The other issue with Softbank is how its prominence influences others. This is a pattern we have seen in other markets.(2) The firm’s rapid capital deployment created an auction-like atmosphere, pressuring other funds to race to invest.
When one huge fund waded into the fairly limited venture space, the result was that valuations ballooned. If lower valuations lie ahead, that will be good for future investment opportunities, but could mean big write downs for existing Vision Fund portfolio companies. And it will prove that even a fund as big as SoftBank's couldn't fight the skepticism of the public markets.
(1) Other SoftBank Investments include: Fungible $200 million; Oaknorth $390 million; Opendoor Estimated $500 million; Cambridge Mobile Telematics $500 million; Improbable; $502 million; Auto1 $561 million; ZhongAn $600 million; DoorDash $750 million; OSIsoft 800 million; Compass $850 million; Katerra $865 million; ParkJockey $900 million; Ola $800 million to $1 billion; Nuro $940 million; Flexport $1 billion; Rappi $1 billion; Fanatics $1.2 billion; SoFi $1.1 billion; Snapdeal $1.2 billion; Tokopedia $1.3 billion; Paytm $1.4 billion; Chehaoduo $1.5 billion; ByteDance $1.8 billion; Flipkart $2.5 billion; Cruise $2.5 billion: OneWeb $2.8 billion; Coupang $3 billion; Ele.me $3 billion; Nvidia $4 billion; Grab $5.5 billion; Uber $9.3 billion; We Company $10.5 billion; Didi Chuxing $13 billion; Sprint $21.7 billion.It also bought: Brightstar $2.2 billion; YMobile $2.3 billion; ARM $32 billionSources: Recode, Crunchbase, Business Insider, Softbank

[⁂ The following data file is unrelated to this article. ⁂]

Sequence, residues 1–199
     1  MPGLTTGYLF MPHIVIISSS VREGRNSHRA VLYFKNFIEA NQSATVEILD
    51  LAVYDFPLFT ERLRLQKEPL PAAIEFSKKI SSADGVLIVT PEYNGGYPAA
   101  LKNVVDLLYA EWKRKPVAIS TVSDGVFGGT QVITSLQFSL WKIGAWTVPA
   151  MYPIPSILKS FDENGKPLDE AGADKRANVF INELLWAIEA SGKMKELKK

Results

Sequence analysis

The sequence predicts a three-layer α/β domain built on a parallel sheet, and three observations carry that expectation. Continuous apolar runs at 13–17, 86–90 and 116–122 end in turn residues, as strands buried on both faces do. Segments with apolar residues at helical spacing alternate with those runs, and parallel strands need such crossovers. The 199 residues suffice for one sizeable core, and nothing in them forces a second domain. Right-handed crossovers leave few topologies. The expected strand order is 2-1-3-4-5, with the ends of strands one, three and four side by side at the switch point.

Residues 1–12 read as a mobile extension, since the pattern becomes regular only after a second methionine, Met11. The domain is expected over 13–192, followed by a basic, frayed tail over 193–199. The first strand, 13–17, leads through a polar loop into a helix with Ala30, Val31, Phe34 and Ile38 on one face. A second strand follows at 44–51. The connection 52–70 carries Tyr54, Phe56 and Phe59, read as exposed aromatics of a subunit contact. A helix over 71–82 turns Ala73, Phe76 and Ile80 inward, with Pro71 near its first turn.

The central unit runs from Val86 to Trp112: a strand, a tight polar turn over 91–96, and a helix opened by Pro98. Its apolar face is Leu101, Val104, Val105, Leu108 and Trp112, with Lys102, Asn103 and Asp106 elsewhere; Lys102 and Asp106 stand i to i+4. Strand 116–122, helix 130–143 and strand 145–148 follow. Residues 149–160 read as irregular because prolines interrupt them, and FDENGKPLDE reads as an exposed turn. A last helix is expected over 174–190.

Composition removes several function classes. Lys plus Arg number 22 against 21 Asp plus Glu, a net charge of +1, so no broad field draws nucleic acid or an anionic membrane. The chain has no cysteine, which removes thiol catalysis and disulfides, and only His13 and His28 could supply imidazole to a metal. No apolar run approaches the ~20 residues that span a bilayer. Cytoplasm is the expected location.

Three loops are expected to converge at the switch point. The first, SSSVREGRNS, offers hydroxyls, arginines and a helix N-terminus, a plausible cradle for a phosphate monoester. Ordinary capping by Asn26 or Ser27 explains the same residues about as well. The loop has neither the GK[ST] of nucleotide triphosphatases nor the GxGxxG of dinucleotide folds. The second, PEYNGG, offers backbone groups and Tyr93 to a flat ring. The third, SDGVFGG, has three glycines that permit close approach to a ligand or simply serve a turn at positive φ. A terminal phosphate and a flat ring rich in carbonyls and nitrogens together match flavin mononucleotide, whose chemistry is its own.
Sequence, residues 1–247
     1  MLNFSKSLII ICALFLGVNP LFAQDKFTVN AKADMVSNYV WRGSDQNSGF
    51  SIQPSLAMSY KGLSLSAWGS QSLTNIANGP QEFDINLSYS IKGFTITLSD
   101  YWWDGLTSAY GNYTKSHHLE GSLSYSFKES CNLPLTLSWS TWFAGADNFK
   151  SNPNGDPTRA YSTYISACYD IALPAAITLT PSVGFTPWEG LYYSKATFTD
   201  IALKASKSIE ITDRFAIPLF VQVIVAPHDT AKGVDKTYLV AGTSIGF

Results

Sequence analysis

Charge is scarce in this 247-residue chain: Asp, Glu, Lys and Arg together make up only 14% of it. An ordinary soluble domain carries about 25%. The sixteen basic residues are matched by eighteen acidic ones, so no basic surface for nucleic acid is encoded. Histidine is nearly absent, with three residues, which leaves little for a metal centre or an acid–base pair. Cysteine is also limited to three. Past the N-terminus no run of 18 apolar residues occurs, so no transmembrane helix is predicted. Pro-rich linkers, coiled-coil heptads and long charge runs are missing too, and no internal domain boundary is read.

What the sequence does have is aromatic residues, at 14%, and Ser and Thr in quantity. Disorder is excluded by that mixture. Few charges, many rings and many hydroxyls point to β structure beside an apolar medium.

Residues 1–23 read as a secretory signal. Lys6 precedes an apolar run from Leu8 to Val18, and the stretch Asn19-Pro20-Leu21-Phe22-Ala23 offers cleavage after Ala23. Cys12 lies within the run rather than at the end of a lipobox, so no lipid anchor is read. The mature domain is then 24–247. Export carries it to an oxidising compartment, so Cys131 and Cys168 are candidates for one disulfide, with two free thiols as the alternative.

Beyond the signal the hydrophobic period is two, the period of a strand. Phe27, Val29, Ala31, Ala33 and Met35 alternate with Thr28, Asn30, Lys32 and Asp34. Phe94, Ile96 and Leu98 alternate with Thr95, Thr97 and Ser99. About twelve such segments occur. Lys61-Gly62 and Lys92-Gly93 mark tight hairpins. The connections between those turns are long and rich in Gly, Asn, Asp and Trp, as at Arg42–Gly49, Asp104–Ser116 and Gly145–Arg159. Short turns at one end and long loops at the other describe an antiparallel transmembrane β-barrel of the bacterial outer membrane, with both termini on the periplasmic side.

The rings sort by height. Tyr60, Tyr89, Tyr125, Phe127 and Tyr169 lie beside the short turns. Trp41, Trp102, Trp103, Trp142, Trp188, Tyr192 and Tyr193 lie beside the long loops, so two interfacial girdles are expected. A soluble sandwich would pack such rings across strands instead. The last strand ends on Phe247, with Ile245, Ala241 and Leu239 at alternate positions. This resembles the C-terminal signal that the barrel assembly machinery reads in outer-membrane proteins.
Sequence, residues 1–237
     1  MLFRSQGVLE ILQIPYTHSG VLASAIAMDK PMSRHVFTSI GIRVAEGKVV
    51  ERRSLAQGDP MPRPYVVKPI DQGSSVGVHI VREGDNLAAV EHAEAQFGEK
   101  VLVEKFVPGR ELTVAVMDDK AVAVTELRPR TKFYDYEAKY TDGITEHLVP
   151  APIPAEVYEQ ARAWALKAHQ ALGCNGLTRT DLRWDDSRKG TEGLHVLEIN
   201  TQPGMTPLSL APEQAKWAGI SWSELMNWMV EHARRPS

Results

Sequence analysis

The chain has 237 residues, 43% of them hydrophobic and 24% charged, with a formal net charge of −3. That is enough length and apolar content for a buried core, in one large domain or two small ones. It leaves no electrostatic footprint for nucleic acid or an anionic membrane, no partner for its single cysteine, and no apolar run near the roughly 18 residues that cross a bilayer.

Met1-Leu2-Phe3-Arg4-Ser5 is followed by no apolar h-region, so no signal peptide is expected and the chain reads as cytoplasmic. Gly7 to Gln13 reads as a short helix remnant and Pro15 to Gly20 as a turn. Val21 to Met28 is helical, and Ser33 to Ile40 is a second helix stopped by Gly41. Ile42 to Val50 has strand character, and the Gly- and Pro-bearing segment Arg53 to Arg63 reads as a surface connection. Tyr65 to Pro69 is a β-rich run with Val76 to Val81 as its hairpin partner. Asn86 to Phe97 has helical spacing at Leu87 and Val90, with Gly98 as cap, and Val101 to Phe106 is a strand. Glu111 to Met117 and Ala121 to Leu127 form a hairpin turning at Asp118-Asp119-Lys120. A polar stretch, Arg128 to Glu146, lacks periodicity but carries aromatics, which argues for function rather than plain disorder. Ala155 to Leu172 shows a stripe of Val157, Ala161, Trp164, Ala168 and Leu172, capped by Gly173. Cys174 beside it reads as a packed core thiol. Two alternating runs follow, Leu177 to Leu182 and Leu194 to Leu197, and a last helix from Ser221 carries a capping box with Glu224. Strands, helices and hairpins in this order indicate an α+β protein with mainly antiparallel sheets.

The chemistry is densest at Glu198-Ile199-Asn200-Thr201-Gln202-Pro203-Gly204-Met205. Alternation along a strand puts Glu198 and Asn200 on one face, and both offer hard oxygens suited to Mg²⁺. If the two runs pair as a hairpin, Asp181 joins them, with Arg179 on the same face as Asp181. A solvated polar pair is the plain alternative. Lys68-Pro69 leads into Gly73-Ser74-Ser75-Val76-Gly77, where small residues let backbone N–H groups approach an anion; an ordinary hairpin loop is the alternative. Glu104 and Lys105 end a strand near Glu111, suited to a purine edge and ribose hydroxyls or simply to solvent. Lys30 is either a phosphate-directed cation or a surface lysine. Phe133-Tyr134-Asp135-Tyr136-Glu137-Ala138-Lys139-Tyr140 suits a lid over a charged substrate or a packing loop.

(2) This is reminiscent of the mid-2000s housing bubble: Real estate appraisers rely on so-called comparables -- nearby houses that recently sold -- to set valuations for mortgages. Higher sale prices of similar homes fed a cycle of ever-increasing prices -- until the cash dried up, and the cycle went into high-speed reverse.
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Barry Ritholtz is a Bloomberg Opinion columnist. He is chairman and chief investment officer of Ritholtz Wealth Management, and was previously chief market strategist at Maxim Group. He is the author of “Bailout Nation.”